Those opposed to Texas becoming an independent nation love to reach into their bag of misinformation and claim that it’s illegal for Texas, or any State, to leave the union. It’s time to set the record straight on Texit and show them to be either misinformed or liars of the highest order.
The following is an excerpt from the book TEXIT: Why and How Texas Will Leave The Union by Daniel Miller. Pick up a copy of this book that will answer all of your TEXIT questions and help you destroy the lies and myths perpetuated by those who are opposed to it.
A common accusation by those opposed to Texit is that the act of leaving the Union is illegal. Let’s be clear. An accusation of the commission of an illegal act implies that those committing it are criminals guilty of a criminal act. Therefore, this is not a light accusation.
When pressed, however, no one seems to be able to point to a specific law that forbids it. Scouring the federal statutes produces no joy for the accuser as there is no law that explicitly forbids any State from asserting its independence. Given the passion with which this accusation is leveled, if it is not found in federal law, then surely it must exist in Texas statute. After all, the State of Nevada included one of the most strongly worded prohibitions on secession in its state constitution.
“But the Paramount Allegiance of every citizen is due to the Federal Government in the exercise of all its Constitutional powers as the same have been or may be defined by the Supreme Court of the United States; and no power exists in the people of this or any other State of the Federal Union to dissolve their connection therewith or perform any act tending to impair, subvert, or resist the Supreme Authority of the government of the United States.”
However, there is no corresponding constitutional or statutory prohibition in Texas law, either.
It is a fundamental principle of American jurisprudence that something is illegal only if there is a law forbidding it. This is known as the legality principle, expressed in Latin as “nullum crimen sine lege, nulla poena sine lege,” meaning “no crime without law, nor punishment without law.”
Paul H. Robinson, one of the world’s leading criminal law scholars, described its modern application in 2005.
“In its modern form it means that criminal liability and punishment can be based only upon a prior legislative enactment of a prohibition that is expressed with adequate precision and clarity. The principle is not a legal rule, but rather a legal concept embodied in a series of legal doctrines.”
If no law specifically prohibits a State from leaving the Union, then there must be some other law which, in their minds, applies in this instance. When pressed further, the accusation shifts to that of treason.
The term treason has become an increasingly popular charge in this divisive political climate. While Texit advocates are the recipients of it at a higher than average rate, it has become far more common in federal partisan wrangling. Obama was accused of treason over the Iran nuclear deal and Trump has been accused of treason for his alleged ties to the Russian government. However, those who seem to be quickest to use the term seem to be most clueless as to its meaning.
Drawing from an English statute from 1351 that was created to limit the scope of treason, the framers of the United States Constitution included a specific definition in Article 3, Section 3, which stated that, “Treason against the United States shall consist only in levying war against them, or in adhering to their enemies, giving them aid and comfort.”
Recognizing that accusations of treason were often the tool of tyrants, James Madison explained the necessity to clearly define it in Federalist 43.
“As treason may be committed against the United States the authority of the United States ought to be enabled to punish it: but as new tangled and artificial treasons have been the great engines by which violent factions, the natural offspring of free governments, have usually wreaked their alternate malignity on each other, the Convention has with great judgment opposed a barrier to this peculiar danger by inserting a Constitutional definition of the crime.”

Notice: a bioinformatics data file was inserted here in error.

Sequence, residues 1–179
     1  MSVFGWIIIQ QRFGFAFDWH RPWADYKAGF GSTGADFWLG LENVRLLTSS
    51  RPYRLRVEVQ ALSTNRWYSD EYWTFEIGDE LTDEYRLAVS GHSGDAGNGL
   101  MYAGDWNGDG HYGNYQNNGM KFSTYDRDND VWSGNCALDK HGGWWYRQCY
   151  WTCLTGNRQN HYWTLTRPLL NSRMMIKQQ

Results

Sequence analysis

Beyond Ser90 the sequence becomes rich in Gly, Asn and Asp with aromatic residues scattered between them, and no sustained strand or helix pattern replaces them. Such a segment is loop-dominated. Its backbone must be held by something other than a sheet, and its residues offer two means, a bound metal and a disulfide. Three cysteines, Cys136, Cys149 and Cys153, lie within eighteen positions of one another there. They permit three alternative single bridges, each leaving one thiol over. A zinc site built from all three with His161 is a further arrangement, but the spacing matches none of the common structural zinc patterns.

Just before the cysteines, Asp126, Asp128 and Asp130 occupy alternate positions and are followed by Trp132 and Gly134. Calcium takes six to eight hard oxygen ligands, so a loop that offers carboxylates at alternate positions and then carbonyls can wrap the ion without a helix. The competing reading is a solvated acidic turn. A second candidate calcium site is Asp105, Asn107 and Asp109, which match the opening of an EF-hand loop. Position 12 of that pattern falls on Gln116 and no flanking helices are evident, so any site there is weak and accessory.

Treason is a criminal act committed by an individual, not a political body and, therefore, cannot be committed by a State. To continue to level the charge of treason, one must believe that the entirety of the population of Texas who would vote in support of Texit would be individually guilty of treason. This, however, completely ignores the constitutional definition of treason.
Such a vote is not levying war against the United States unless one considers casting a ballot as an act of war. Nor is it adhering to or giving aid and comfort to an enemy of the United States. If so, who would that enemy be? An enemy of the United States is someone who has been declared as such by the United States Congress, generally through a formal declaration of war. In this instance, North Korea might perhaps fit the bill, since the Korean War was never formally concluded.
According to Carlton F.W. Larson, a professor of law at the University of California at Davis, “Certain nonstate actors can also count as enemies, and terrorist groups such as al-Qaeda and the Islamic State probably fit the definition.”
Adhering to the enemy would mean that voting for Texit was, in fact, joining North Korea or the Islamic State. Giving aid and comfort would mean that voting for Texit was, in fact, providing concrete and material support to the same. Neither of these apply.
When confronted with the lack of basis for the charge of treason, the final charge is that of attempting to overthrow the government. In fairness, there is a federal statute in Title 18 of the U.S. Code that outlaws attempts to do that very thing. In its entirety, it reads:
“Whoever knowingly or willfully advocates, abets, advises, or teaches the duty, necessity, desirability, or propriety of overthrowing or destroying the government of the United States or the government of any State, Territory, District or Possession thereof, or the government of any political subdivision therein, by force or violence, or by the assassination of any officer of any such government; or
Whoever, with intent to cause the overthrow or destruction of any such government, prints, publishes, edits, issues, circulates, sells, distributes, or publicly displays any written or printed matter advocating, advising, or teaching the duty, necessity, desirability, or propriety of overthrowing or destroying any government in the United States by force or violence, or attempts to do so; or
Whoever organizes or helps or attempts to organize any society, group, or assembly of persons who teach, advocate, or encourage the overthrow or destruction of any such government by force or violence; or becomes or is a member of, or affiliates with, any such society, group, or assembly of persons, knowing the purposes thereof